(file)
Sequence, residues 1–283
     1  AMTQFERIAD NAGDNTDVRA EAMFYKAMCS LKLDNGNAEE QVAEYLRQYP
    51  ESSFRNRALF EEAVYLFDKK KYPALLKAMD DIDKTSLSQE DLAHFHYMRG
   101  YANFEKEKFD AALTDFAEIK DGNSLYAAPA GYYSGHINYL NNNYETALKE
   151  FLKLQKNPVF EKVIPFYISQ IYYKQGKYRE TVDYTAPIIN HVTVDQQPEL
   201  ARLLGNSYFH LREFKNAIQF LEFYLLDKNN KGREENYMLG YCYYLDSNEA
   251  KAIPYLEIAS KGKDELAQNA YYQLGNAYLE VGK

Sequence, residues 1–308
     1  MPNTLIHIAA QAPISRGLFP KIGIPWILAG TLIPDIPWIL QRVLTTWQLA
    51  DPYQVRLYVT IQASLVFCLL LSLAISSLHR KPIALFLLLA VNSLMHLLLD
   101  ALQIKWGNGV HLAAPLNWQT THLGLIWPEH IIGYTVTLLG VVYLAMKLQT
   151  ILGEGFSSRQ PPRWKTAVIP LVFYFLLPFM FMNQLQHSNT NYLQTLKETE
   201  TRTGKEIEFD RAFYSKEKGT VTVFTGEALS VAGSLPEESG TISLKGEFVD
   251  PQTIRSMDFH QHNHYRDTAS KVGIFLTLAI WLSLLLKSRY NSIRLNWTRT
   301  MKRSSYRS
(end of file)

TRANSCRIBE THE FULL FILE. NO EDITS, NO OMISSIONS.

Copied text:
Sequence, residues 1–283
     1  AMTQFERIAD NAGDNTDVRA EAMFYKAMCS LKLDNGNAEE QVAEYLRQYP
    51  ESSFRNRALF EEAVYLFDKK KYPALLKAMD DIDKTSLSQE DLAHFHYMRG
   101  YANFEKEKFD AALTDFAEIK DGNSLYAAPA GYYSGHINYL NNNYETALKE
   151  FLKLQKNPVF EKVIPFYISQ IYYKQGKYRE TVDYTAPIIN HVTVDQQPEL
   201  ARLLGNSYFH LREFKNAIQF LEFYLLDKNN KGREENYMLG YCYYLDSNEA
   251  KAIPYLEIAS KGKDELAQNA YYQLGNAYLE VGK

Sequence, residues 1–308
     1  MPNTLIHIAA QAPISRGLFP KIGIPWILAG TLIPDIPWIL QRVLTTWQLA
    51  DPYQVRLYVT IQASLVFCLL LSLAISSLHR KPIALFLLLA VNSLMHLLLD
   101  ALQIKWGNGV HLAAPLNWQT THLGLIWPEH IIGYTVTLLG VVYLAMKLQT
   151  ILGEGFSSRQ PPRWKTAVIP LVFYFLLPFM FMNQLQHSNT NYLQTLKETE
   201  TRTGKEIEFD RAFYSKEKGT VTVFTGEALS VAGSLPEESG TISLKGEFVD
   251  PQTIRSMDFH QHNHYRDTAS KVGIFLTLAI WLSLLLKSRY NSIRLNWTRT
   301  MKRSSYRS